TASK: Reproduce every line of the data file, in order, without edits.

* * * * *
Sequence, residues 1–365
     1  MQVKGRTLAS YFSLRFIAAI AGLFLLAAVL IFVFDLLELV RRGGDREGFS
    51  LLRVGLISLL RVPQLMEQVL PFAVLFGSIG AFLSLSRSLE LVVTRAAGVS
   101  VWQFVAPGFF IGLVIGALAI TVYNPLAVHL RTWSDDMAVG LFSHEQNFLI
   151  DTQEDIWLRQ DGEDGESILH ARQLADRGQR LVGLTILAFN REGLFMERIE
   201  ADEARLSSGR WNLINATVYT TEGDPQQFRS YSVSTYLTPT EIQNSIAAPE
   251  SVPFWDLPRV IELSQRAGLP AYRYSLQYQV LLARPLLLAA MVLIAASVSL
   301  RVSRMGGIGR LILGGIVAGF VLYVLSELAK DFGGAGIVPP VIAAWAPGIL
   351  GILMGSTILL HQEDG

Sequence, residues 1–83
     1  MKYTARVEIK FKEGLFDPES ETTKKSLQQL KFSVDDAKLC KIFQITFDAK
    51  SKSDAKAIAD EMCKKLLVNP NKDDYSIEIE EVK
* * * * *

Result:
Sequence, residues 1–365
     1  MQVKGRTLAS YFSLRFIAAI AGLFLLAAVL IFVFDLLELV RRGGDREGFS
    51  LLRVGLISLL RVPQLMEQVL PFAVLFGSIG AFLSLSRSLE LVVTRAAGVS
   101  VWQFVAPGFF IGLVIGALAI TVYNPLAVHL RTWSDDMAVG LFSHEQNFLI
   151  DTQEDIWLRQ DGEDGESILH ARQLADRGQR LVGLTILAFN REGLFMERIE
   201  ADEARLSSGR WNLINATVYT TEGDPQQFRS YSVSTYLTPT EIQNSIAAPE
   251  SVPFWDLPRV IELSQRAGLP AYRYSLQYQV LLARPLLLAA MVLIAASVSL
   301  RVSRMGGIGR LILGGIVAGF VLYVLSELAK DFGGAGIVPP VIAAWAPGIL
   351  GILMGSTILL HQEDG

Sequence, residues 1–83
     1  MKYTARVEIK FKEGLFDPES ETTKKSLQQL KFSVDDAKLC KIFQITFDAK
    51  SKSDAKAIAD EMCKKLLVNP NKDDYSIEIE EVK